Gender-Specific Prognostic Markers of Patients with Gallbladder Cancer after Surgical Resection
The aim of this study was to elucidate gender-specific markers for postresectional long-term survival of gallbladder cancer (GBC) based on a cohort of Chinese patients. Clinicopathological records of 81 patients (27 males and 54 females) after surgical resection for GBC were reviewed retrospectively. The influence of each variable on survival was determined using the Kaplan-Meier method and log-rank test. For females, Cox regression analysis was also adopted. Univariate analysis showed that the absence of lymph node and distant metastases, differentiation grade, and curative resection were associated with prolonged survival for all males, whereas tumor size, differentiation grade, and the presence of lymph node metastases influenced the overall or disease-free survival of patients after curative resection (all P < 0.05). On the other hand, Nevin stage was an independent marker for both overall survival for all females and overall and disease-free survival for female patients who underwent curative resection. Additionally, resection type and differentiation grade were of independent prognostic significance for different subgroups of females (all P < 0.05). Our data suggested that tumor-related factors affect prognosis of both male and female patients with GBC after resection. Of these factors, tumor differentiation status might be more significant for males, but Nevin stage had a stronger predictive potential for females.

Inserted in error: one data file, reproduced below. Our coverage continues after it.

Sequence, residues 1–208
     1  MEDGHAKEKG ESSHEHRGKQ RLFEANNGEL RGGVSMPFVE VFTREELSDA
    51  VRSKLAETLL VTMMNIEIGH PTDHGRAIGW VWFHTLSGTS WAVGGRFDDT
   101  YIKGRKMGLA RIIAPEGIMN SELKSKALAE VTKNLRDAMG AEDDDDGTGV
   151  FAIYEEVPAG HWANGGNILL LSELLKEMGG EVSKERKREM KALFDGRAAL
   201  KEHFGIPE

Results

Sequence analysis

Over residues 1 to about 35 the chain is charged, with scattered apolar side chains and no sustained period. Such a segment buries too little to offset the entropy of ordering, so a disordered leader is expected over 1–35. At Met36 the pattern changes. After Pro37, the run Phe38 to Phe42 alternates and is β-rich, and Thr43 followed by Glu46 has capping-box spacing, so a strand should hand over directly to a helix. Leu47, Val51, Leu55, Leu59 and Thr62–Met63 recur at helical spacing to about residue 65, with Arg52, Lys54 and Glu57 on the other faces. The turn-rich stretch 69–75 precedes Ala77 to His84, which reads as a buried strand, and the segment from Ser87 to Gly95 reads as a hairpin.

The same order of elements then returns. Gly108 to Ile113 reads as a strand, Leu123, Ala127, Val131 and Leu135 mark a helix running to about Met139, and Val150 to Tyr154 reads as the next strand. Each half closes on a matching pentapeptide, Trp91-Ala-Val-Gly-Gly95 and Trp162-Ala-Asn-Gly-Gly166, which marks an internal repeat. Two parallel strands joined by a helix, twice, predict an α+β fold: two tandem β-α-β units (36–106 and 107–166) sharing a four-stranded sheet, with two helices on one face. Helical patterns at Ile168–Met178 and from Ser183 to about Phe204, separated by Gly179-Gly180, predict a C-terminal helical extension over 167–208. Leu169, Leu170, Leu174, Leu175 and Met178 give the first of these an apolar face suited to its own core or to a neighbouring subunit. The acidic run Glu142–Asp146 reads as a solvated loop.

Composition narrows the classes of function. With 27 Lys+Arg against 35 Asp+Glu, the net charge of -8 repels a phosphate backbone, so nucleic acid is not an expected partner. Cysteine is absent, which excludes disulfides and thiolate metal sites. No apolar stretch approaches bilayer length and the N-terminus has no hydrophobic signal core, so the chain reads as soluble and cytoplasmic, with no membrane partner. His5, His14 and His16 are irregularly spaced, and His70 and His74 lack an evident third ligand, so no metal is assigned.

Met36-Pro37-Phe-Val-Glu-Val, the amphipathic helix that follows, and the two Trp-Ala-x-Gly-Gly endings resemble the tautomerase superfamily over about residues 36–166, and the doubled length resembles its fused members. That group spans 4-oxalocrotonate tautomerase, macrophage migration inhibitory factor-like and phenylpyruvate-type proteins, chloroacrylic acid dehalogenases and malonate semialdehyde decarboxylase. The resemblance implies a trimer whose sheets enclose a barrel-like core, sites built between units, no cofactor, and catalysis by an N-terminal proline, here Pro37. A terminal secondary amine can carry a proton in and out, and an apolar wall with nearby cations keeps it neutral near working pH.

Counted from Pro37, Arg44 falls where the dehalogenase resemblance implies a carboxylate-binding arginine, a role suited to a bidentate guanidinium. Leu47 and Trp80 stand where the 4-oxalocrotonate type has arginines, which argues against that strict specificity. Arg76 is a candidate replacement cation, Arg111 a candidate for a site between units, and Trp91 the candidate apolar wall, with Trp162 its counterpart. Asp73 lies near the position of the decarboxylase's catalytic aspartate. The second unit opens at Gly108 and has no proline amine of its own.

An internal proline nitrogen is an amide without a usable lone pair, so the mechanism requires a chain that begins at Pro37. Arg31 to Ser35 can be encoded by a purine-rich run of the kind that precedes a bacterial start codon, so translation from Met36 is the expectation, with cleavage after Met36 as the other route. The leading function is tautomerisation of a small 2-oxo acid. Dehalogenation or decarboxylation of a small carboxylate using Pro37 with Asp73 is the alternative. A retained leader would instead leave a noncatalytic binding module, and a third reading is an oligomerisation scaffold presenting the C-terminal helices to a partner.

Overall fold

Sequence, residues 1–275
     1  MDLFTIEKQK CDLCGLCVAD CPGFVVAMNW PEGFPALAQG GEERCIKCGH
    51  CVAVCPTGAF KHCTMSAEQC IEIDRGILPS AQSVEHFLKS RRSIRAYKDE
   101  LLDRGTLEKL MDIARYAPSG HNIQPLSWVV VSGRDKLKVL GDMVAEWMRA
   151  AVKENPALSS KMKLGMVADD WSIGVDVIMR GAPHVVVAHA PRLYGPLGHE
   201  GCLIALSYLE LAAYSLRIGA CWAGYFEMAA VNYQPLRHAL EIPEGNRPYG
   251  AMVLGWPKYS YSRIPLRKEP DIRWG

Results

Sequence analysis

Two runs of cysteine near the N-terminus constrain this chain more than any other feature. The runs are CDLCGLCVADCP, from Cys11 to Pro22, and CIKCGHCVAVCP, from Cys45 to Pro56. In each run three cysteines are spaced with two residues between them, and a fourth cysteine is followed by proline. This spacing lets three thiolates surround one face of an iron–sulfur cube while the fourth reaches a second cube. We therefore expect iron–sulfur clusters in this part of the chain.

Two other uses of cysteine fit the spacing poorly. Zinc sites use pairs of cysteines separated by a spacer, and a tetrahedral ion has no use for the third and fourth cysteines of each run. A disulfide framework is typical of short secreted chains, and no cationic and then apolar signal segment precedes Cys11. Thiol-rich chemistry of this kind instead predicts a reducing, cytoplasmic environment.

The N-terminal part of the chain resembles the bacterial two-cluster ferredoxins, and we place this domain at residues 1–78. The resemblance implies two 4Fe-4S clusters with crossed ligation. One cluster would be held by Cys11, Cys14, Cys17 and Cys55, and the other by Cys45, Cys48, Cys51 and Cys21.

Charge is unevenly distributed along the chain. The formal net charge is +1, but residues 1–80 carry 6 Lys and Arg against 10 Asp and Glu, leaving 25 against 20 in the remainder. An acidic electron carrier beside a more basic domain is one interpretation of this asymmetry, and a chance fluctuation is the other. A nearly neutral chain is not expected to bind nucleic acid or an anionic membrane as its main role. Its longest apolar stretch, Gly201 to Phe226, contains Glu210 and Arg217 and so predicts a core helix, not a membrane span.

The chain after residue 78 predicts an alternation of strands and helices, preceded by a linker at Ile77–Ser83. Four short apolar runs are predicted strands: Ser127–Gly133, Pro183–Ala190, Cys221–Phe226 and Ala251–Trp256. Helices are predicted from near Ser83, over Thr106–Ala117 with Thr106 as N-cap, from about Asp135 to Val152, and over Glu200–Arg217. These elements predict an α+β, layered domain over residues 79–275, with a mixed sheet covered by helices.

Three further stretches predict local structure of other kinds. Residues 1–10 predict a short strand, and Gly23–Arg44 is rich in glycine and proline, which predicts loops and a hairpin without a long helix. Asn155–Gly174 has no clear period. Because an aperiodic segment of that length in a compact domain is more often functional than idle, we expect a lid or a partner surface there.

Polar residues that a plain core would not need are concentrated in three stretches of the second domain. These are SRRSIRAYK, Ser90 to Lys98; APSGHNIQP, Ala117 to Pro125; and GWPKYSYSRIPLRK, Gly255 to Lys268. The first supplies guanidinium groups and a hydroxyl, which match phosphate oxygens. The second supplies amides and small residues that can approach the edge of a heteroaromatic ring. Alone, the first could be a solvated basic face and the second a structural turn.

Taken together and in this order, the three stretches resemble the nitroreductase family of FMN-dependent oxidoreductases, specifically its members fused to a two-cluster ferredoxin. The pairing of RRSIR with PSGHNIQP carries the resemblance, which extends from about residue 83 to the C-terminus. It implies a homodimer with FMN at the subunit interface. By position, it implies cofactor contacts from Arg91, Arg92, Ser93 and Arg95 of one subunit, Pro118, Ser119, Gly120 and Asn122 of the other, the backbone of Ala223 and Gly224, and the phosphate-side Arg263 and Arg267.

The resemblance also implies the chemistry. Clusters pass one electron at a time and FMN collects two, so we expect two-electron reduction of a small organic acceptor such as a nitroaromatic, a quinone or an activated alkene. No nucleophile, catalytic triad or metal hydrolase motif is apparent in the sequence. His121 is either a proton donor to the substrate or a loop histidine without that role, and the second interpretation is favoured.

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Document Type: Research Article
Affiliations: Department of General Surgery, Peking Union Medical College Hospital, Chinese Academy of Medical Sciences & Peking Union Medical College, Beijing, China
Publication date: November 1, 2010
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